Bringing peace and Coca-Cola to the world - The Great North American Sticky Bun Hunt - CycleBlaze

Bringing peace and Coca-Cola to the world

DO YOU KNOW how Coca-Cola came to be sold in Europe?

Well, if you take a roundabout route from the Elysée Palace to the American embassy, you pass a hotel on a busy corner. Fixed to the wall and ignored by most who pass, because they've seen it so often, is a plaque. It marks where the USA and the nations of western Europe agreed on Marshall Aid.

The Elysée Palace is home to the president, Marshall Aid was the support that the USA gave western Europe after the war, and the embassy is the impressive building near the Place de la Concorde from where the Head American In Paris travels to see France's little boss.

Marshall Aid didn't come without strings. Much of the money had to be spent on American goods. Among them, Coca-Cola. The communists, a big force in the Resistance and again in politics after the war, saw Coca-Cola as colonisation. They took their guidance from Moscow, the Kremlin had been against Marshall's gifts and so French communists made a little film in which a Coke salesman tries to persuade French countrymen to abandon their wine - and is sent away with jeers as his demon brew is spat into sinks.

Steph will walk past that plaque after the weekend. She is going to the embassy for her visa. She has already agreed on the application that she won't engage in subversive activity and that she isn't sought by the police of five continents.

It should all be straightforward. America, unasked, generously gave me a 10-year visa last time so I'm gambling the "M" on it means "multiple entry." Perhaps it would be wise to check...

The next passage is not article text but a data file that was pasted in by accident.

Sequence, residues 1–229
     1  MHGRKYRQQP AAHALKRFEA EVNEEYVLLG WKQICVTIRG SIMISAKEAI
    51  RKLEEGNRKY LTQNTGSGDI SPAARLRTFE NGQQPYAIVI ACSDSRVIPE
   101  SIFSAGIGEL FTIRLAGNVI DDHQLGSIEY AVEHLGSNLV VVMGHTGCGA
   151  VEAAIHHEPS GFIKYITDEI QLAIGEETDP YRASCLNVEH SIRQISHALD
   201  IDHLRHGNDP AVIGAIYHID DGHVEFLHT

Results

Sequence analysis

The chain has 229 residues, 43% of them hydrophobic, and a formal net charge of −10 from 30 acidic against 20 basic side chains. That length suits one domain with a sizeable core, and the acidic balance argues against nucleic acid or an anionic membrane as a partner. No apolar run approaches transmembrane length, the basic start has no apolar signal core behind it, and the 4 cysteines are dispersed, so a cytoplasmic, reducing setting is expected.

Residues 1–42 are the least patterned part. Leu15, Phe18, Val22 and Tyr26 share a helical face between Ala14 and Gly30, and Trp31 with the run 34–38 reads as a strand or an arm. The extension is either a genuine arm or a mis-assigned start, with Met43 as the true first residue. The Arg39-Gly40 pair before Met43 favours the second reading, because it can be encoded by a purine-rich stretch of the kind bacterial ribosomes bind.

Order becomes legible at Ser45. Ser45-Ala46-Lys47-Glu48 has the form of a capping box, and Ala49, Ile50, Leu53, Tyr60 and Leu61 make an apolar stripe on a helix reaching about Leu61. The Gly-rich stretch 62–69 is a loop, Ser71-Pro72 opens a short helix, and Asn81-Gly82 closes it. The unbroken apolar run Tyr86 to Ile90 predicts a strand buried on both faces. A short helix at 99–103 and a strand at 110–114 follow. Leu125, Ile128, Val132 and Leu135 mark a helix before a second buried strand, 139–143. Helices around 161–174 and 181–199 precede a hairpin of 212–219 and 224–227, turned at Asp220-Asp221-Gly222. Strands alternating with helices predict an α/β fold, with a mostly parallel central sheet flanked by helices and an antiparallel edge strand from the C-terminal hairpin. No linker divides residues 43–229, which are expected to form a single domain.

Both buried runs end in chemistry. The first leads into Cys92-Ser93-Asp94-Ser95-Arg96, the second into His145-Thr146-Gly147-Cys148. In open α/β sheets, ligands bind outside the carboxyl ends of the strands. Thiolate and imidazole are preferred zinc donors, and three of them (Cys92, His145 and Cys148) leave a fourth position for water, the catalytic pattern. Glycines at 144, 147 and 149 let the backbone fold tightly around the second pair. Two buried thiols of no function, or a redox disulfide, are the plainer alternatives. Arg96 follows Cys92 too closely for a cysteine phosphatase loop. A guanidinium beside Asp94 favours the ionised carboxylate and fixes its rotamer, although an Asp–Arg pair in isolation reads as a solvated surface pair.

We are not crossing snowbound France just to see Uncle Sam. This is the weekend of the Grand Mass of French cycle-touring, the annual get-together of Cycle-Camping International. All year, senior members have been picking the best of picture shows of bike tours submitted by members. And this weekend we shall sit in a professional lecture theatre out in St-Denis, one of France's communist boroughs where Coca-Cola seems nevertheless well established, and dream dreams as we go vicariously round the world on two wheels.

If I can work out the valves and widgets of computerised presentations, I'll show them our Northern Tier ride next year. At the moment, the program seems more terrifying than riding four months across North America.

Neil knows about these things. I may just ship the whole lot to him with a $10 note and see if he'll sort it all out for me. For the sake of America, Coca-Cola and world peace.


UPDATE: The visa application went well. Half an hour hanging about outside the embassy in January, then two hours inside it, but apart from that no trouble.

The American website says to bring every document and bank statement you have ever owned, to prove you prefer your own home to picking oranges in Florida and that you have oodles of money. Nobody looked at any of it. The man seemed perplexed at the notion of pedalling across his continent but concluded in a bemused way that nobody cycling four months would have the energy to do a job on the side. And, as he put it, "You won't need much money to do that."

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